Verint Systems Inc., a Melville-based software company, said its fiscal second-quarter net income jumped 18 percent from a year ago to $13.3 million. Revenue rose 9 percent to $212.4 million in the quarter, which ended July 31.
Earnings per share climbed to 22 cents from 17 cents the year before. The company released the report Wednesday after the stock market closed. Verint shares rose 3 cents to $27.80 in after-hours trading.
Securities analyst Daniel Ives, who follows the company at FBR Capital Markets in Manhattan, said Verint managed to grow despite restrained spending by businesses.
"The company is showing healthy growth in a tough macro environment," said Ives, managing director at FBR.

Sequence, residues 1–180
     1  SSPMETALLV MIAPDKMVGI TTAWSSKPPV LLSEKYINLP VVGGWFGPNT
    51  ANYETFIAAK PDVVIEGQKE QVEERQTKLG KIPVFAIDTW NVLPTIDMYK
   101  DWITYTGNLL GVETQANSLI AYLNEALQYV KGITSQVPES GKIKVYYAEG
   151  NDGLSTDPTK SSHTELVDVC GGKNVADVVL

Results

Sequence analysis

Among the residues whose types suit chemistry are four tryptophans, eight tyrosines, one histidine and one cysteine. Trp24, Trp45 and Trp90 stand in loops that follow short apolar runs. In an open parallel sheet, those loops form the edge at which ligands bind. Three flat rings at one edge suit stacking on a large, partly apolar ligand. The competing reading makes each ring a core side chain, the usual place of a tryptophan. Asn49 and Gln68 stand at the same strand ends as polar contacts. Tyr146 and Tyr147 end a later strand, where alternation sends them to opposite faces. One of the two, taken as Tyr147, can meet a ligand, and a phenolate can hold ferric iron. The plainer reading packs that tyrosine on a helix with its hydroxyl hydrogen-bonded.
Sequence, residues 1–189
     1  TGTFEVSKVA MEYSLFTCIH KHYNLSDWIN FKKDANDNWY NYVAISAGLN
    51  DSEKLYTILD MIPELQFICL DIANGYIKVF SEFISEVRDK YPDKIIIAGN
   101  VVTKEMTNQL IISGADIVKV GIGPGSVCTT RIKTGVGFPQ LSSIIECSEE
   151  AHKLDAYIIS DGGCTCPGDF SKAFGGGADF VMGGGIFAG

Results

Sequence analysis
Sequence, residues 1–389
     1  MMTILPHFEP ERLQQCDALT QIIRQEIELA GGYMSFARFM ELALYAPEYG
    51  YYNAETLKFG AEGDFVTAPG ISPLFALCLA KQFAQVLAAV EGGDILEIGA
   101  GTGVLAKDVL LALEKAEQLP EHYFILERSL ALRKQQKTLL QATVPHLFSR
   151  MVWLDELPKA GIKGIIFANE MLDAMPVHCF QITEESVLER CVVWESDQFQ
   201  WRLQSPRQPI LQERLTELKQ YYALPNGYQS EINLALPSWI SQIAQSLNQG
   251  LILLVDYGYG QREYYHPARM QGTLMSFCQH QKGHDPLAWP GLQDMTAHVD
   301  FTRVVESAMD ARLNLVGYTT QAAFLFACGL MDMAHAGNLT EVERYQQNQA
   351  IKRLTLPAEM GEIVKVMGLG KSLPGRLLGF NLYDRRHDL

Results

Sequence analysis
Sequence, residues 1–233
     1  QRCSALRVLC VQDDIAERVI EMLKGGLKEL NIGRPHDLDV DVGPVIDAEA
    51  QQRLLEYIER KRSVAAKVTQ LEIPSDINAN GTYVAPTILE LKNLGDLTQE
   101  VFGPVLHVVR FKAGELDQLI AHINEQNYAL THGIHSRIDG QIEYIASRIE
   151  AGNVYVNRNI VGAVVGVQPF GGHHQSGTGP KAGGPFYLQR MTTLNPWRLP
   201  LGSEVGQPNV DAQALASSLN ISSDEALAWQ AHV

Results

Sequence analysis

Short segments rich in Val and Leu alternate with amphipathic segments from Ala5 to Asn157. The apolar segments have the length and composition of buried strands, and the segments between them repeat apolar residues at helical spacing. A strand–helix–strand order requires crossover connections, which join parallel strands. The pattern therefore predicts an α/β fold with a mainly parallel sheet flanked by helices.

Verint produces software used by businesses and government agencies to sift through data from telephone calls and surveillance cameras to detect potential problems.
Ives said the company is in a transition as it prepares to acquire Comverse Technology Inc., Verint's parent, which owns about 60 percent of the Melville company. The deal is scheduled to close in February.
The changeover is significant, Ives said, because of the controversy overhanging Comverse since its involvement in alleged backdating of stock options to boost executive pay.
In November 2010, Comverse co-founder and former chief executive Jacob "Kobi" Alexander agreed to pay $53.6 million to settle Securities and Exchange Commission charges. Federal prosecutors are still trying to extradite him from Namibia.
"Strategically they should be in a much better situation post the completion of the merger," Ives said, "where they basically become free and clear of Comverse."